• A concerned woman on the Isle of Wight attempted to burn her painting without success and then went on to suffer a run of bad luck.
• A gentleman in Nottingham who possessed a print of the painting lost his home and his family was injured.
• A pizza parlor in Norfolk was destroyed including every painting on its walls except for “The Crying Boy.”
‘The Sun’ reported that even rational firefighters refused to have a copy of “The Crying Boy” in their homes.
It’s been speculated that the varnish on the original painting was treated with a kind of flame retardant and that possibility that was the reason it wouldn’t burn, but that didn’t explain why prints of the painting also seemed to be fire-resistant. In fact, Steve Punt who is a British Comedian and writer decided to test the theory that the painting wouldn’t burn for BBC Radio. In the clip below you can actually watch as a painting is set on fire only for the fire to die out shortly after.
3.) The Anguished Man by Unknown:
This has all the makings of a horror story. A tormented unknown artist goes and mixes his own blood into the paint he used to create this piece. Shortly after it’s completion the artists commit suicide and the painting changes hands. While there have been claims that it’s been featured on eBay, it’s also been said that those are merely copies and that the original is too dangerous to be sold with a clear conscience.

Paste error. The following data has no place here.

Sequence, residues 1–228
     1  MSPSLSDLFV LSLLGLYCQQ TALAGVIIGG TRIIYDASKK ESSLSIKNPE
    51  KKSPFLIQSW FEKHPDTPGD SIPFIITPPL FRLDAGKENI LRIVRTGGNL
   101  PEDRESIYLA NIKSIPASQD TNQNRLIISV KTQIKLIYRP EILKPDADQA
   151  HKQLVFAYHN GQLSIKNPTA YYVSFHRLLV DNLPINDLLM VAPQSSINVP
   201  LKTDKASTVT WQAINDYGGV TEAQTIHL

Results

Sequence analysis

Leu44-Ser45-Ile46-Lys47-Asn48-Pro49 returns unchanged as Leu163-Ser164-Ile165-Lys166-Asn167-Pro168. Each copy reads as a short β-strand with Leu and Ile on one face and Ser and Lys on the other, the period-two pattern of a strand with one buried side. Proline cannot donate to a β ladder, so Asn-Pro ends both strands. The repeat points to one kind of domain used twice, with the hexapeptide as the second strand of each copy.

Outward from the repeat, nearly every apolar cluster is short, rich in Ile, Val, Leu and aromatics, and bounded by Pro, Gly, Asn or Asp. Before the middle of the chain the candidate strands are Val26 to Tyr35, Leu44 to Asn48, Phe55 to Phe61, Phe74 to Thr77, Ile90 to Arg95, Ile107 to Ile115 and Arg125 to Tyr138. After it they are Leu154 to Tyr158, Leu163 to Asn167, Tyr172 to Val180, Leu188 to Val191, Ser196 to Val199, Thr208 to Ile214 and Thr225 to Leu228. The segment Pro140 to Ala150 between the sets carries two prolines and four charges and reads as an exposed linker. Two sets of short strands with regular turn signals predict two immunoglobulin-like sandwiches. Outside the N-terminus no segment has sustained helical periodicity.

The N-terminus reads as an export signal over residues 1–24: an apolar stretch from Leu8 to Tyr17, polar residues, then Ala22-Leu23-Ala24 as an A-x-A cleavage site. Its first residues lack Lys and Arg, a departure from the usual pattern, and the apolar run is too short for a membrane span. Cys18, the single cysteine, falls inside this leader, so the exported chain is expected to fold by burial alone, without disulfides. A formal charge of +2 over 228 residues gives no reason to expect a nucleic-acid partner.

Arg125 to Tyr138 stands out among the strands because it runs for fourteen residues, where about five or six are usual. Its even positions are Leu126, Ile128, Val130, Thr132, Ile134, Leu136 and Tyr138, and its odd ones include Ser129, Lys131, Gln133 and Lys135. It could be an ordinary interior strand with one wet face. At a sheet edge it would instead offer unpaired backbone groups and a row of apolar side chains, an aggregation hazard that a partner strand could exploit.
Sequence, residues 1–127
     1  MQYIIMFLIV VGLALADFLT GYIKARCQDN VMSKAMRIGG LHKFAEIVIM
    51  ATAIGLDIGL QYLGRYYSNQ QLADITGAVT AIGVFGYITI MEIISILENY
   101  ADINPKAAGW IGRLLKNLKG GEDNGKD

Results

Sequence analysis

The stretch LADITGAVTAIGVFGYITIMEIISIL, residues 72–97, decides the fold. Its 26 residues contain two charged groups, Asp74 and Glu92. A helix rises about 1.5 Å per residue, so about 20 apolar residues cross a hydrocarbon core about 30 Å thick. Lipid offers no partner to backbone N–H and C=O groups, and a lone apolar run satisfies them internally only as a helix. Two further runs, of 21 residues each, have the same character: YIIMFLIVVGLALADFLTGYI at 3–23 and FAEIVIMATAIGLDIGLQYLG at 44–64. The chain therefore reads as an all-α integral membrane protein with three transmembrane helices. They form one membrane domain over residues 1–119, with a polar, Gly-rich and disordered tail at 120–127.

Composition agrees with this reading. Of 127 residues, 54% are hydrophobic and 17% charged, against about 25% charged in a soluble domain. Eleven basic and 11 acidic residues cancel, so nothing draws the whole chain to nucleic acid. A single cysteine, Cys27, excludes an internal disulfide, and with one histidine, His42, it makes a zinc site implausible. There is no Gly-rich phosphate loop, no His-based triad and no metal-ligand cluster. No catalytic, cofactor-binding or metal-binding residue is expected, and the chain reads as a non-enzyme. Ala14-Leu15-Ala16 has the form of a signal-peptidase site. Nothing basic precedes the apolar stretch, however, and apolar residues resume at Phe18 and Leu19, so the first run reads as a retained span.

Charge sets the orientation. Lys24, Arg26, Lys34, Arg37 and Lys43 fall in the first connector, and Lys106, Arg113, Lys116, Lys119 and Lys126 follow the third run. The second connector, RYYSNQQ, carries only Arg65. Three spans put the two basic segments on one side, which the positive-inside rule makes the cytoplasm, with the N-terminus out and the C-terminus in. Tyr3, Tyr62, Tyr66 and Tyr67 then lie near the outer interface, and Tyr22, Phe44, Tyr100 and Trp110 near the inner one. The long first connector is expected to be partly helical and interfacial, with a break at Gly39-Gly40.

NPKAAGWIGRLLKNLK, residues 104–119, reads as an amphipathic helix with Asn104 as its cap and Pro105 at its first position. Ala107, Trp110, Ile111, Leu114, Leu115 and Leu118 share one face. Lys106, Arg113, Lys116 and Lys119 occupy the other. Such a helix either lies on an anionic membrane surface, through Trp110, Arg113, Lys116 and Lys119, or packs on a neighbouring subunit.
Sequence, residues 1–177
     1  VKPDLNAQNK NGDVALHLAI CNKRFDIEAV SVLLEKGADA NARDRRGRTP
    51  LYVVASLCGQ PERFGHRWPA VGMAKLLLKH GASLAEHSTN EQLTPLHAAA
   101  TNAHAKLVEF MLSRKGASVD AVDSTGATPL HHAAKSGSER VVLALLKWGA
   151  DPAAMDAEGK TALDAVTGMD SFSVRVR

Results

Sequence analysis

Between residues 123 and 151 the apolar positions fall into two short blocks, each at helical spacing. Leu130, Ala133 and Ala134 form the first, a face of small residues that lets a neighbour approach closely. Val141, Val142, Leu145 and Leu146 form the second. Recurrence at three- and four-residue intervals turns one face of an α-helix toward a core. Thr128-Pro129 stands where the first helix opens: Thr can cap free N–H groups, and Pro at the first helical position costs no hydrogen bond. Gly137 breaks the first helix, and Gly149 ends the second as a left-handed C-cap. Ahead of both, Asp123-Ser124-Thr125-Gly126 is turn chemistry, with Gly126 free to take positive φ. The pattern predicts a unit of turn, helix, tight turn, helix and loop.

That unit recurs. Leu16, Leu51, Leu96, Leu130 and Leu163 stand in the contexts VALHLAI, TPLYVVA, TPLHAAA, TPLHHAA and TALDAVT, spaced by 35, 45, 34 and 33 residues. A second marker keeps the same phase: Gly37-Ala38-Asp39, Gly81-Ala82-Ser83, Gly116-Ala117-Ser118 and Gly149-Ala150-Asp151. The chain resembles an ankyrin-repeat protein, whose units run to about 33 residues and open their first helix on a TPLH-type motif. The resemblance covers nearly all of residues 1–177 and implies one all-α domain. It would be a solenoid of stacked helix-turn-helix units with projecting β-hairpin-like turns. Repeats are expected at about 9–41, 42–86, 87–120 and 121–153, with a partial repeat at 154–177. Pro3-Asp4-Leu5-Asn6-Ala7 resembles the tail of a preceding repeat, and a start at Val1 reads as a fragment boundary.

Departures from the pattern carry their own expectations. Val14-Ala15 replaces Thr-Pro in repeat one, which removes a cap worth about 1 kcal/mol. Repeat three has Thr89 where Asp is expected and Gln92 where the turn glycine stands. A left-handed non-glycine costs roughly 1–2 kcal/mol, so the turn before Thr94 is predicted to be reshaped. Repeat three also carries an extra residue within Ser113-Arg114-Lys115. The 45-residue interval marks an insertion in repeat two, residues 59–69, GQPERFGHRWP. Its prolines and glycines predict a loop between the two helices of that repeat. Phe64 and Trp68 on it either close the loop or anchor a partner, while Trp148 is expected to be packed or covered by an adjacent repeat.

The original piece still remains in the hands of Sean Robinson who inherited it from his grandmother who got it as an “unwanted gift”. She kept it locked away and claimed that frightened her and was evil also that a dark man seemed to haunt it.
If you’re feeling skeptical you’re not alone. Sean also felt this way. So he took the painting to have in his home and hung it in all places in the bedroom. Once there the painting started haunting him. The appearance of a shadow figure (a figure made out of shadow not caused by anyone else) started to appear, along with disembodied crying started to happen. One morning his wife woke up to a “frightening figure” laying in bed next to her. She was so freaked out that she didn’t want to live in the same house as the painting. To compromise, Sean moved the painting to the basement.